Epistemologies of workplace change: transforming gender relations in engineering
ARC Discovery Grant 2009–2011
Suzanne Franzway | Julie Mills | Rhonda Sharp | Judy Gill
Rapid economic and social changes have restructured workplaces and the workforce participation of men and women. Engineering exemplifies the benefits of globalisation through the expansion of markets and increased demands for highly paid, skilled workers. Paradoxically, women remain marginal to this workforce, despite many campaigns to improve equity and diversity. We propose a fundamental rethinking of the epistemological underpinnings of prior approaches by using an innovative taxonomy to investigate the production of ignorance of sexual politics of workplace change. This missing dimension of knowledge is critical to the development of successful gender equity campaigns and policies.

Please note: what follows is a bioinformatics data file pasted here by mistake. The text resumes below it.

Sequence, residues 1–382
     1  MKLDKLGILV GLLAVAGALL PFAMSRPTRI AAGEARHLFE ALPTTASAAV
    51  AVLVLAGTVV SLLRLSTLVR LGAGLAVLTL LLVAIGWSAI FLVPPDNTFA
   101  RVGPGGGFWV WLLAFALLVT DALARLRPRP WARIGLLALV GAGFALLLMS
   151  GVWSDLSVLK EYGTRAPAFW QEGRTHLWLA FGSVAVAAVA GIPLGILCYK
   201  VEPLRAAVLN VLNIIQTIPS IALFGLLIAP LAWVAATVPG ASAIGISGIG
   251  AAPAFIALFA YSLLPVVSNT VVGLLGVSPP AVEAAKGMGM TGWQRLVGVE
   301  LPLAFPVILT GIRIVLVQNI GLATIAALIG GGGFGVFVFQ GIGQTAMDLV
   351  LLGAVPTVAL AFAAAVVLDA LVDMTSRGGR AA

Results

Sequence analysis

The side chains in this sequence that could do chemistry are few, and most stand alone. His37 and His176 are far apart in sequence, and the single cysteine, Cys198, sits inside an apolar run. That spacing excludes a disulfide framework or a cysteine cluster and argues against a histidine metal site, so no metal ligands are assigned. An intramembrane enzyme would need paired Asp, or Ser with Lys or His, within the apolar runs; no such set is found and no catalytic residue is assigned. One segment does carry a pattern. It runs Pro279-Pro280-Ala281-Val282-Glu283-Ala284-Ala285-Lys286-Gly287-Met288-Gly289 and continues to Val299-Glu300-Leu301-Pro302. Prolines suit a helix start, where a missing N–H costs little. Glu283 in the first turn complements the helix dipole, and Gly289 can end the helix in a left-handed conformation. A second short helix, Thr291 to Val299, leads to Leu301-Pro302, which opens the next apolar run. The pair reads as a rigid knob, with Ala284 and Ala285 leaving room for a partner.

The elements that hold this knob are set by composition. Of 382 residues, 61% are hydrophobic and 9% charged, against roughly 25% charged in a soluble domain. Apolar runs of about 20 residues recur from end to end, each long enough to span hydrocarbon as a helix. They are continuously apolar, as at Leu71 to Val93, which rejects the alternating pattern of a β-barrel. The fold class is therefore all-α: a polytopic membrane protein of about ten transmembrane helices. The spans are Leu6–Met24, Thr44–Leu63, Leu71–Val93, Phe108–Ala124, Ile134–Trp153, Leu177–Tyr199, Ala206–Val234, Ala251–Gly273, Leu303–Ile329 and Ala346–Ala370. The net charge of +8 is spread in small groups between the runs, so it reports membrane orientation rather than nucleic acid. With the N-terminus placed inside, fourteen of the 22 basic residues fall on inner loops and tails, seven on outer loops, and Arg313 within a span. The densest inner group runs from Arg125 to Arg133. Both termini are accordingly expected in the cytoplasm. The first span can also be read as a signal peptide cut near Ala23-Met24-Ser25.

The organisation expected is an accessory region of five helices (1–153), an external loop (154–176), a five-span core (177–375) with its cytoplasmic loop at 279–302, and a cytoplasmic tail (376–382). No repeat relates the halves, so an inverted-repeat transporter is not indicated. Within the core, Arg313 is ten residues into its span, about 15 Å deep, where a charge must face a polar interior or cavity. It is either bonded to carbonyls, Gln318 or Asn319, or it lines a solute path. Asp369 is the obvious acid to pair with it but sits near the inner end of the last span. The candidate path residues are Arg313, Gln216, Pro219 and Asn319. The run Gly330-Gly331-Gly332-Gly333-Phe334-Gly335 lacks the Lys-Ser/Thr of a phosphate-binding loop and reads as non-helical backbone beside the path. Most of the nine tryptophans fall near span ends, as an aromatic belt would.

The severe shortage of engineers threatens sustainable development in rich and poor countries alike. The situation is exacerbated in Australia by global warming and the mining boom, ultimately constraining the national capacity for future economic development and long-term prosperity. Women are potentially an important source of future engineers, but they are currently neither attracted to nor retained within the profession in significant numbers. This project, involving international collaboration, will generate a new conceptual model designed to redress this problem. A key outcome will be more efficient and effective gender equity policies in engineering and related industries.